Strengthening active older adults for better tennis, fitness and health by Wayne L. Westcott, PhD, CSCS
Active older adults typically perform a variety of physical activities, but few of these provide progressive resistance exercise. For example, walking, running, cycling, swimming and other aerobic activities promote cardiovascular fitness, but they do not prevent the five-to-seven-pound-per-decade muscle loss associated with the aging process.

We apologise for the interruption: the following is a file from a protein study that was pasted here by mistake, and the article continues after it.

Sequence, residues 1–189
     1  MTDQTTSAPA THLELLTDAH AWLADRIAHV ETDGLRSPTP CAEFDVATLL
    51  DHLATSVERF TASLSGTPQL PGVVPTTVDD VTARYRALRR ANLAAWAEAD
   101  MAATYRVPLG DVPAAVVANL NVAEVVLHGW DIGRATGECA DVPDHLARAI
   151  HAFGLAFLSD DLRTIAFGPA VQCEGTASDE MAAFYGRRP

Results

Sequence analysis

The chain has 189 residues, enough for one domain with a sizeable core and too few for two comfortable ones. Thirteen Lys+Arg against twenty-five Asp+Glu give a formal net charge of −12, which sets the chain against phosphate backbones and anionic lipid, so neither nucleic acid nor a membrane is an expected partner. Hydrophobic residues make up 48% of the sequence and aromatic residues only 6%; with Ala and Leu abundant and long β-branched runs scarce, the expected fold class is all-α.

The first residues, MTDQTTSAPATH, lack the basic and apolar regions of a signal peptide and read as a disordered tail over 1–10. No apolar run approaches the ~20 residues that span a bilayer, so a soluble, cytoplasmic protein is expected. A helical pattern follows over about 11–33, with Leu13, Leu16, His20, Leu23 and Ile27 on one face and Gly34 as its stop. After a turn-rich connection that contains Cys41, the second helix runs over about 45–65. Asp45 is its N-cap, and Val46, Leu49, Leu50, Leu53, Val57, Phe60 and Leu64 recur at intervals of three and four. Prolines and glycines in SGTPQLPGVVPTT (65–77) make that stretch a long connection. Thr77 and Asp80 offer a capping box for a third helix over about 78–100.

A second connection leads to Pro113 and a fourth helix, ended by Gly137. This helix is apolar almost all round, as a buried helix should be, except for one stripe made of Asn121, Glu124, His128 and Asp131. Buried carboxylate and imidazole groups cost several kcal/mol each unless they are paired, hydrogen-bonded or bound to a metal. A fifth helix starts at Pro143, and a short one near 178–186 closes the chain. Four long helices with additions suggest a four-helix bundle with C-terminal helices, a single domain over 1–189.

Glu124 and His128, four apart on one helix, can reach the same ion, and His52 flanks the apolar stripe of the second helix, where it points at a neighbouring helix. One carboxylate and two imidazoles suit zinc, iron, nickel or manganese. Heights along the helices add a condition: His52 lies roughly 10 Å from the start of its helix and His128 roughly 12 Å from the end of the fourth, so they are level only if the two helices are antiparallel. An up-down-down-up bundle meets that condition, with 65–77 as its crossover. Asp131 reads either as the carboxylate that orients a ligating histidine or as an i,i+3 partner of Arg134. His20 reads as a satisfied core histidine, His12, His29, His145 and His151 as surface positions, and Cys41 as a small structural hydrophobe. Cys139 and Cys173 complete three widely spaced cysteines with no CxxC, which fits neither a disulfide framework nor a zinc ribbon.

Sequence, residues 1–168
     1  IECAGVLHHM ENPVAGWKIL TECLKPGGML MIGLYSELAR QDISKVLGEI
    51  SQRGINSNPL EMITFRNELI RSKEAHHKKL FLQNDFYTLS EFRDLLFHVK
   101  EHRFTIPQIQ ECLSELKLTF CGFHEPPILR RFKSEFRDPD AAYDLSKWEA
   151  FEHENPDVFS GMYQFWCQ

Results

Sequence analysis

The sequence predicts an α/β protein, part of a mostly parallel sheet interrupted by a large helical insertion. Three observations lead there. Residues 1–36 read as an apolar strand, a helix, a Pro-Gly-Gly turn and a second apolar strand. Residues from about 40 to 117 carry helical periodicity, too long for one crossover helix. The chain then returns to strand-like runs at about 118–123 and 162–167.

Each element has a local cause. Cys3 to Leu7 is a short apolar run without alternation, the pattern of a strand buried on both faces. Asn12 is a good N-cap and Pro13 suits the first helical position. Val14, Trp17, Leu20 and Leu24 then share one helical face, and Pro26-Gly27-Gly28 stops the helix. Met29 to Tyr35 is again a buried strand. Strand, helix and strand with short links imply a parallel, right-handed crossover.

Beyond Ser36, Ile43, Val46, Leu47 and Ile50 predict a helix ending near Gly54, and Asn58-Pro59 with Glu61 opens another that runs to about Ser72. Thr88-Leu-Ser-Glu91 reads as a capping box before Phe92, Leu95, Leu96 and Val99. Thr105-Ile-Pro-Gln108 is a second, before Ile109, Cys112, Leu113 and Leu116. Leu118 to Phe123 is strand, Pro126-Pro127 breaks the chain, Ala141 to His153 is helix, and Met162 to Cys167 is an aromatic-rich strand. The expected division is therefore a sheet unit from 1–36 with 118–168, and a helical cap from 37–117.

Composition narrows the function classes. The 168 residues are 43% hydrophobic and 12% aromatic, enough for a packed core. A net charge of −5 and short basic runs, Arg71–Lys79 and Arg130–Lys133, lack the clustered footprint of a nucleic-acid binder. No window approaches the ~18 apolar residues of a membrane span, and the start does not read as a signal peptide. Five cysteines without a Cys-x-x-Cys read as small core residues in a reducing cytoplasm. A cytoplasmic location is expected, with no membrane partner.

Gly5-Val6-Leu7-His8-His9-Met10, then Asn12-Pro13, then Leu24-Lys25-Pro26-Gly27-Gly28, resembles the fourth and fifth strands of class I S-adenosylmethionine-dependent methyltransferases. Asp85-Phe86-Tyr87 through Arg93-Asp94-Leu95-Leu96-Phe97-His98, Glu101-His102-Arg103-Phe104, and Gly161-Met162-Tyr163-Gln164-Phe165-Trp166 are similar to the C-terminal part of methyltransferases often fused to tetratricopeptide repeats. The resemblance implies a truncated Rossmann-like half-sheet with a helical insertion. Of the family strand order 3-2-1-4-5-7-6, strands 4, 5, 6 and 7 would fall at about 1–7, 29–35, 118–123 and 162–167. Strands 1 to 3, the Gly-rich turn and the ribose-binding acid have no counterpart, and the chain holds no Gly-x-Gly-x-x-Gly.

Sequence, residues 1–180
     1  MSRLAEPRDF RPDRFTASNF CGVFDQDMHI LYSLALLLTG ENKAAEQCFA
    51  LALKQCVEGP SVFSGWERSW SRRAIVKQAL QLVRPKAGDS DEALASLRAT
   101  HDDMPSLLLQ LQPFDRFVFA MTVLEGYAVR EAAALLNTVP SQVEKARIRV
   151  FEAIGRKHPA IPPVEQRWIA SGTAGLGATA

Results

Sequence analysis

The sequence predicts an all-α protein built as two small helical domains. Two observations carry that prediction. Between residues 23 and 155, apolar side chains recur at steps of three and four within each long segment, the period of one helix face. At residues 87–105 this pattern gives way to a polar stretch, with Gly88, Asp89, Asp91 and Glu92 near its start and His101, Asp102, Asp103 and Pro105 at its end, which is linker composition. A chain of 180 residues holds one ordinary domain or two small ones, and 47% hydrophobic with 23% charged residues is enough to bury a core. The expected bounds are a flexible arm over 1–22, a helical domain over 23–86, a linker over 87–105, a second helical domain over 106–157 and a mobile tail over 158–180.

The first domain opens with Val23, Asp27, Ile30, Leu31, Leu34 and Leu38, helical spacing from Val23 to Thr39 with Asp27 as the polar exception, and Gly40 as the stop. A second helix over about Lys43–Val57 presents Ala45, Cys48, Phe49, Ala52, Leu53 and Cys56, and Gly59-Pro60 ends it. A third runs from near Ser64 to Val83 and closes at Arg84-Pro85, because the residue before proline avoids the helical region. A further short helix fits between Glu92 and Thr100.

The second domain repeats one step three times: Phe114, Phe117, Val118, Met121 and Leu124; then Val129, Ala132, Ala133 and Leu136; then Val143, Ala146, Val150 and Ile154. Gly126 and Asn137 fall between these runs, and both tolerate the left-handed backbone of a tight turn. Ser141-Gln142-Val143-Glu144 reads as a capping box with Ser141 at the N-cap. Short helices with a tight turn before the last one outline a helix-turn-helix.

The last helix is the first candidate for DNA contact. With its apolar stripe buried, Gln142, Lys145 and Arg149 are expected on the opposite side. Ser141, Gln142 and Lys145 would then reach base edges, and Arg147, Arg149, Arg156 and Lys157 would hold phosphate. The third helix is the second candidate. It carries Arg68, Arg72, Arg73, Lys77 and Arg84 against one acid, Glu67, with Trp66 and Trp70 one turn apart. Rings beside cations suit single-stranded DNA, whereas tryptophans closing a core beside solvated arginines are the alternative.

To maintain (and regain) muscle tissue, older adults must regularly perform sensible strength training. A recent study with 1,644 adults (mean age 53 years) showed an average muscle gain of 3.1 lbs. after 10 weeks of two or three weekly weight workouts. The same study revealed similar rates of muscle development for older, middle-aged and younger adults.
Sports and athletics